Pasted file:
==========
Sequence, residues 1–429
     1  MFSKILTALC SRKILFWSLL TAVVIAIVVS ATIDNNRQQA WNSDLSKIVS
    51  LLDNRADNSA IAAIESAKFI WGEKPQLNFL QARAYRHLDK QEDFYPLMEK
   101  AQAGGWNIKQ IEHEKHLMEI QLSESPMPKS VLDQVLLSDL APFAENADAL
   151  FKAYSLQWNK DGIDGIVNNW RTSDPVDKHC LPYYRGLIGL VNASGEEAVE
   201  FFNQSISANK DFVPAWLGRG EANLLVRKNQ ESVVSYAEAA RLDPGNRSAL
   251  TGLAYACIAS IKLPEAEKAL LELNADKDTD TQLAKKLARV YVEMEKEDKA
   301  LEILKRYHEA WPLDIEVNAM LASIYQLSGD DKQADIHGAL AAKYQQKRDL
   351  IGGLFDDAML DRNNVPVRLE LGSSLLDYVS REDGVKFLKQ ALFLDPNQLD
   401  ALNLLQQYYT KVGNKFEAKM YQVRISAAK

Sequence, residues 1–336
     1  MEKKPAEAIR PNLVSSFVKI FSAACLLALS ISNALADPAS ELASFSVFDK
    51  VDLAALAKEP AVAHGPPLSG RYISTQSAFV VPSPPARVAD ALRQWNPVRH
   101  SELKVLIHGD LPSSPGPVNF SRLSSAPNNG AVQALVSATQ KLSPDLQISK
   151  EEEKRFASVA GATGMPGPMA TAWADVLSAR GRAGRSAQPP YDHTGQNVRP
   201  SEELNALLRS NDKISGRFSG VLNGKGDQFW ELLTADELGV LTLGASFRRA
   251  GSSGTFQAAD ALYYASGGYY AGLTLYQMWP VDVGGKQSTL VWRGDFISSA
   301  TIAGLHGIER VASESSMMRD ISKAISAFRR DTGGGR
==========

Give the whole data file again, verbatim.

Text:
Sequence, residues 1–429
     1  MFSKILTALC SRKILFWSLL TAVVIAIVVS ATIDNNRQQA WNSDLSKIVS
    51  LLDNRADNSA IAAIESAKFI WGEKPQLNFL QARAYRHLDK QEDFYPLMEK
   101  AQAGGWNIKQ IEHEKHLMEI QLSESPMPKS VLDQVLLSDL APFAENADAL
   151  FKAYSLQWNK DGIDGIVNNW RTSDPVDKHC LPYYRGLIGL VNASGEEAVE
   201  FFNQSISANK DFVPAWLGRG EANLLVRKNQ ESVVSYAEAA RLDPGNRSAL
   251  TGLAYACIAS IKLPEAEKAL LELNADKDTD TQLAKKLARV YVEMEKEDKA
   301  LEILKRYHEA WPLDIEVNAM LASIYQLSGD DKQADIHGAL AAKYQQKRDL
   351  IGGLFDDAML DRNNVPVRLE LGSSLLDYVS REDGVKFLKQ ALFLDPNQLD
   401  ALNLLQQYYT KVGNKFEAKM YQVRISAAK

Sequence, residues 1–336
     1  MEKKPAEAIR PNLVSSFVKI FSAACLLALS ISNALADPAS ELASFSVFDK
    51  VDLAALAKEP AVAHGPPLSG RYISTQSAFV VPSPPARVAD ALRQWNPVRH
   101  SELKVLIHGD LPSSPGPVNF SRLSSAPNNG AVQALVSATQ KLSPDLQISK
   151  EEEKRFASVA GATGMPGPMA TAWADVLSAR GRAGRSAQPP YDHTGQNVRP
   201  SEELNALLRS NDKISGRFSG VLNGKGDQFW ELLTADELGV LTLGASFRRA
   251  GSSGTFQAAD ALYYASGGYY AGLTLYQMWP VDVGGKQSTL VWRGDFISSA
   301  TIAGLHGIER VASESSMMRD ISKAISAFRR DTGGGR